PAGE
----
As expected, Merrill Lynch & Co. (NYSE: MER) has ousted Chief Executive Stan O'Neal after the Wall Street firm took a gargantuan $8.4 billion write-down of securities backed by subprime mortgages -- whose value has been decimated -- that was almost double what the company had forecasted earlier this month, according to The Wall Street Journal [subscription required].
Can you imagine screwing up that badly and getting $250 million? That's the value of O'Neal's golden parachute pegged by the Associated Press. The question now is who else on Wall Street will be riding into the sunset with him. Jimmy Cayne of Bear Stearns? Chuck Prince of Citigroup Inc. (NYSE: C).
O'Neal's fall from grace has been stunning to watch.
In December, O'Neal promised that the $1.3 billion acquisition of subprime mortgage lender First Franklin would provide "revenue velocity" whatever that means. The company also said that it expected the acquisition to add to earnings by the end of 2007. Guess that didn't happen either. To make matters worse, O'Neal approached Wachovia Corp. (NYSE: WB) about a merger without consulting his board, which is a major no-no for any CEO. Let's not forget that Merrill's shares are down 29% this year, underperforming many of its peers including beleaguered Bear Stearns & Co. (NYSE: BSC).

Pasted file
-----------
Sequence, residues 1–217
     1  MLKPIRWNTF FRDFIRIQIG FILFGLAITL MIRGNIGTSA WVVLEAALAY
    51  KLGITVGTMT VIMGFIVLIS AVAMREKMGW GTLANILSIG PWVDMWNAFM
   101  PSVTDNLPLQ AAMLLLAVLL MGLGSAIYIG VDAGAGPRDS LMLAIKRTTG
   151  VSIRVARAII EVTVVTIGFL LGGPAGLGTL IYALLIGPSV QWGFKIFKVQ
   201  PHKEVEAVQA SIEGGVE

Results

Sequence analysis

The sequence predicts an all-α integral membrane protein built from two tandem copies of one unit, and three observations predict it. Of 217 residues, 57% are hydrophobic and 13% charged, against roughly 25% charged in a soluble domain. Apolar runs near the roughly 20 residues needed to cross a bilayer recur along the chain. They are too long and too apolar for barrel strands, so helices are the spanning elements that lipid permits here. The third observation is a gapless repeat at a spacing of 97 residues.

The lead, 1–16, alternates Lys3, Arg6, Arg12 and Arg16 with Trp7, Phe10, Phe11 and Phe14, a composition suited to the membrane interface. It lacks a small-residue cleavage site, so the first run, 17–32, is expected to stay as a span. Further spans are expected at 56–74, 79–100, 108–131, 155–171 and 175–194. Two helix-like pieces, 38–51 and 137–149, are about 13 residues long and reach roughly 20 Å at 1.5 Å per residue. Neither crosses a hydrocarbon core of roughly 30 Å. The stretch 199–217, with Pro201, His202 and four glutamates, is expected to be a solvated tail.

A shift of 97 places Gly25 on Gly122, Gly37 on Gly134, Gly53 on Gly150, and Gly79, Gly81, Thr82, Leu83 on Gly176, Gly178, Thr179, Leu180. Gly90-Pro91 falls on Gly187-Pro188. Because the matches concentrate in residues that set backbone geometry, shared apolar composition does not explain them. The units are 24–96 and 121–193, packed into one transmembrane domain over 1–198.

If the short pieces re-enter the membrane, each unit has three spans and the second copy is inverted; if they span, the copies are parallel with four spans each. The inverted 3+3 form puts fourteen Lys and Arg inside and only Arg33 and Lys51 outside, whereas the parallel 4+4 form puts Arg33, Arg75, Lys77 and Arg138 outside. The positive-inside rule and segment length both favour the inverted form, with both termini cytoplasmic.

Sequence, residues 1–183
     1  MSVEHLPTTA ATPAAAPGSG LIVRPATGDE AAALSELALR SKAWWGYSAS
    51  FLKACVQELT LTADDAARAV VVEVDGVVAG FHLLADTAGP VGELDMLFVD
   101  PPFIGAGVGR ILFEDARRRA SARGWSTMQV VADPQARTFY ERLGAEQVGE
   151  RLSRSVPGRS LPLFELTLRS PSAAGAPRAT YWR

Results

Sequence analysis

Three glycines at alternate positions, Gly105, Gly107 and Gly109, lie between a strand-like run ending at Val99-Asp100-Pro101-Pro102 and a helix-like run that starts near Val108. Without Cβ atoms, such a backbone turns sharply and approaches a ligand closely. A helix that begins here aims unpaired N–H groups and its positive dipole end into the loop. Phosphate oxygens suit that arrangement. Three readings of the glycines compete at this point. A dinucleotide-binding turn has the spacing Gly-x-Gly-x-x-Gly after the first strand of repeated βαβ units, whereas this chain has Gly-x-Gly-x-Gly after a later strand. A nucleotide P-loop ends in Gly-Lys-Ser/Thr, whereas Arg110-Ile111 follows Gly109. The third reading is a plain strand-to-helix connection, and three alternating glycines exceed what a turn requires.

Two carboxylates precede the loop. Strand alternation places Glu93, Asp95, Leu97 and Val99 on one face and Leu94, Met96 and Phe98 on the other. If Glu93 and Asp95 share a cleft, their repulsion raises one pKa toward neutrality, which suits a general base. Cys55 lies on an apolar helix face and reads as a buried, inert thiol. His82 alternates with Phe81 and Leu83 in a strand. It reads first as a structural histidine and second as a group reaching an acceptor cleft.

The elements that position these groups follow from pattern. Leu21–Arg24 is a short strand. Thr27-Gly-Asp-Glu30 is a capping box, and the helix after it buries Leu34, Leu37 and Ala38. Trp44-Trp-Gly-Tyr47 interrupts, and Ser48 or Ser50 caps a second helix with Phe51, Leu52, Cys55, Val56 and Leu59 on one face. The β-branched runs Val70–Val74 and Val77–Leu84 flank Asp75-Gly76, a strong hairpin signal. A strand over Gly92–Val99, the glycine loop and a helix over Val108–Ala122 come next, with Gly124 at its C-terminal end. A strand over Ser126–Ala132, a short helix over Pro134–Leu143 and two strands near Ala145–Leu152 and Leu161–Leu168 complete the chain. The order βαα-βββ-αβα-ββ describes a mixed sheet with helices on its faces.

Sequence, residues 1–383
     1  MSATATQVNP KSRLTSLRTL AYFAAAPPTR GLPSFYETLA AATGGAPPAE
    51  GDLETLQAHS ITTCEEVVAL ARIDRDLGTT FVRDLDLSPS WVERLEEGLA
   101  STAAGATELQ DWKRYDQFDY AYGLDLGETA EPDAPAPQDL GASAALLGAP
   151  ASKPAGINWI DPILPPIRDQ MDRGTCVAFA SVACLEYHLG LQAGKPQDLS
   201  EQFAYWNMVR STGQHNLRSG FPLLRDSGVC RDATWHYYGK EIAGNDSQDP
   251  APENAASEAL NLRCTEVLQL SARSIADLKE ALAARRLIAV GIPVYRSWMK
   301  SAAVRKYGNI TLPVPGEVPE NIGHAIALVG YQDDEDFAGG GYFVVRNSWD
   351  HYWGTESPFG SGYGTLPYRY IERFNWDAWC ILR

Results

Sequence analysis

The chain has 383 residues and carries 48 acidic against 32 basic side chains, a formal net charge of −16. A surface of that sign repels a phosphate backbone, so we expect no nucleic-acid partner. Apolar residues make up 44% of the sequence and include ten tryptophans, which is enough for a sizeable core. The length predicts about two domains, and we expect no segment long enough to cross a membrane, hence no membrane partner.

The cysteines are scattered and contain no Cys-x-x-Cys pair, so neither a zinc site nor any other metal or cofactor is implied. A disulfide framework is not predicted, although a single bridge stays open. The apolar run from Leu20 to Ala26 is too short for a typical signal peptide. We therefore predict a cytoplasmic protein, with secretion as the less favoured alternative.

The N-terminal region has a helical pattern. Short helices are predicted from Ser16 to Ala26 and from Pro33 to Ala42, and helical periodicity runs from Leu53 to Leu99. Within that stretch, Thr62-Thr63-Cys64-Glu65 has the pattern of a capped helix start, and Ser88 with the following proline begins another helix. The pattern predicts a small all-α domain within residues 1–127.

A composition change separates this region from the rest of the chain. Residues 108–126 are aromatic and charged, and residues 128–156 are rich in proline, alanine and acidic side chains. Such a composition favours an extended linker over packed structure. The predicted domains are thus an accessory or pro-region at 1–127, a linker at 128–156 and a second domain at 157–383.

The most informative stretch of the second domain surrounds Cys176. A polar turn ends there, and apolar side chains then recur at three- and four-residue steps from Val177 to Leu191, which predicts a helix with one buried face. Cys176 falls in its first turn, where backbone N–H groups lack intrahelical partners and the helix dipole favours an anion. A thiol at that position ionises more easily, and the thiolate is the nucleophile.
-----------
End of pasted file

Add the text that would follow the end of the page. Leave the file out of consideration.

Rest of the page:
To recap, O'Neal went full throttle into the subprime mortgage market at the height of the real estate market. He failed to consult the board on a major acquisition and has shafted the company's shareholders and will be richer beyond most people's wildest dream because of it.